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Israeli commandos used ‘shoot to kill’ policy in high seas

June 27, 2010 1 comment

Issue 254, Friday 25 June 2010 – 12 Rajab 1431

Israeli commandos used ‘shoot to kill’ policy in high seas

By Elham Asaad Buaras


Dr Hasan Uysal assisted by IHH member Murat Akinan treating an Israeli commando (left) protestor displays photo of one of the aid worker killed by Israeli forces (right) injured Turkish aid workers return home. (R-bottom) Israeli commandos aim their weapons on aid workers

The Israeli Government is facing mounting international pressure to lift its blockade on the Gaza Strip following the killing of 9 Turkish humanitarian aid workers by Israeli commandos in international waters.

The six aid flotillas, carrying 663 aid civilians from 37 countries were attempting to deliver the much needed aid and break the 3 year Israeli blockade affecting 1.5 million Palestinians in Gaza.

Most of the passengers were Turkish, but it also included aid workers from the US, Belgium, Britain, Germany, Malaysia, Algeria and elsewhere.

Israeli commandos boarded all the ships, however on the lead ship, MV Mavi Marmara, 9 aid workers were killed; 48 were injured and 6 are still missing.

The Israeli forces’ aim was to prevent the aid from reaching the impoverished people in Gaza. However, renowned Swedish author Henning Mankell, 62, who was on board the MV Mavi Marmara said the Israeli navy had no right to demand a change of course.

“We were in international waters this was an act of pure piracy and taking our ships to Israel was kidnapping.

“If they really wanted to stop us, why did they not wait until we were close to their territorial waters, and say ‘You can’t go any further’?”
He added that Israel could have used less confrontational methods: “They could have very quickly taken out the rudder and the propeller of our ship. We would have been stuck. No one would have been hurt.”

The sequence of events is disputed. Passengers insist the Israelis opened fire before boarding, while Israelis say that they started firing after their soldiers were ambushed as they were landing on to the ship from the helicopters, and have released a video that shows events of the landing to back up their assertion.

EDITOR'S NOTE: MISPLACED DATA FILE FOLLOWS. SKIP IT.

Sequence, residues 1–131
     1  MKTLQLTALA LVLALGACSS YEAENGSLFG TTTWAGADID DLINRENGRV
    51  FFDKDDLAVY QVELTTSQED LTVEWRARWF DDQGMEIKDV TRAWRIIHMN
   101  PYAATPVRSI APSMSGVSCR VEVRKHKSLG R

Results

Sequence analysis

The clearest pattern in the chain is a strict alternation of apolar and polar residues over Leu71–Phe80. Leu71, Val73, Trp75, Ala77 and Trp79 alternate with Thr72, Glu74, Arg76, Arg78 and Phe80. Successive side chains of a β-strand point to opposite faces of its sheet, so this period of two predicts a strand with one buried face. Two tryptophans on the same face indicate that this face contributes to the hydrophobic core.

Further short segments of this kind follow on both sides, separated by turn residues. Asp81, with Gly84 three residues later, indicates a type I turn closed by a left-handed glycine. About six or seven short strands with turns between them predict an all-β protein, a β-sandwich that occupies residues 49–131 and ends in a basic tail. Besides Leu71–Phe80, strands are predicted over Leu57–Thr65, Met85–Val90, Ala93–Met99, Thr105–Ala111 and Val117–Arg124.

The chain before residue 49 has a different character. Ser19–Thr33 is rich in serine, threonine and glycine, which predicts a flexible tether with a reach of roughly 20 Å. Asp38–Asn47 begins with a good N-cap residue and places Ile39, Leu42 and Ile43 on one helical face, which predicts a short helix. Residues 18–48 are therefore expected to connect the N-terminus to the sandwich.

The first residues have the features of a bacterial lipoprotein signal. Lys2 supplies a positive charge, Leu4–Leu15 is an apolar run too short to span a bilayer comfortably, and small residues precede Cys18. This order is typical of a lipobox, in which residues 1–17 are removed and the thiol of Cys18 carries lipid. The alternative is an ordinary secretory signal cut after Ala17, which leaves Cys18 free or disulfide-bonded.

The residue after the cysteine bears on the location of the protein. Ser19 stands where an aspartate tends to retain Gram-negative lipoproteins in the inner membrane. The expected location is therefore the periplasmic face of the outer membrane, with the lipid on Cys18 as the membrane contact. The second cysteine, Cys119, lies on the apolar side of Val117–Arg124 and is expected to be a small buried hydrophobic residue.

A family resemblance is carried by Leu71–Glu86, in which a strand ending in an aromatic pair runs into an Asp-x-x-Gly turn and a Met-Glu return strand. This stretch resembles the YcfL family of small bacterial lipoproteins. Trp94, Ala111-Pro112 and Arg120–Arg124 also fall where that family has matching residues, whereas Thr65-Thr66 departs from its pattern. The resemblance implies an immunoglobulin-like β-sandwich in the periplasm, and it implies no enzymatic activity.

However, aid workers maintained ‘selective’ footage was released by the Israeli officials and they also rubbished Israel’s claim of measured self defense. The autopsies of the victims revealed they were shot a total of 30 times; 5 were killed by gunshots to the head.

Ibrahim Bilgen, 60, was shot four times in the temple, chest, hip and back. Fulkan Dogan, 19, who also has US citizenship, was shot five times from less that 45cm, in the face, in the back of the head, twice in the leg and once in the back. Two other men were shot 4 times, and 5 of the victims were shot either in the back of the head or in the back, according to Chair of the Council of Forensic Medicine (ATK), Haluk İnce, who carried out the autopsies.

An unnamed Israeli staff-sergeant in the Shayetet 13 Naval Special Forces unit told the Jerusalem Post he was immediately attacked when he reached the deck from a helicopter. He said he had not expected to find a “battlefield”.

However, British-born Al-Jazeera Producer, Jamal Elshayyal, said violence erupted when the Israelis opened fire before landing.

“One man was shot in the top of the head from the helicopter. He collapsed on the ground. I snatched a microphone from one of the Turkish reporters to say one man had been killed. As I did that another man was shot. Those people died instantly,”
Israeli commandos’ statements were refuted by all the aid workers on board including journalists, NGO members and even a former ambassador.

UK-based Friends of al-Aqsa Chair, Ismail Patel, who witnessed some of the fatal shootings, told The Muslim News Israel had operated a “shoot to kill policy”.

Patel who is British, calculated that during the altercations, Israeli commandos shot one person every minute. One man was fatally shot in the back of the head just two feet in front him and another was shot once between the eyes.

He added that as well as the fatally wounded, 48 others were suffering from gunshot wounds.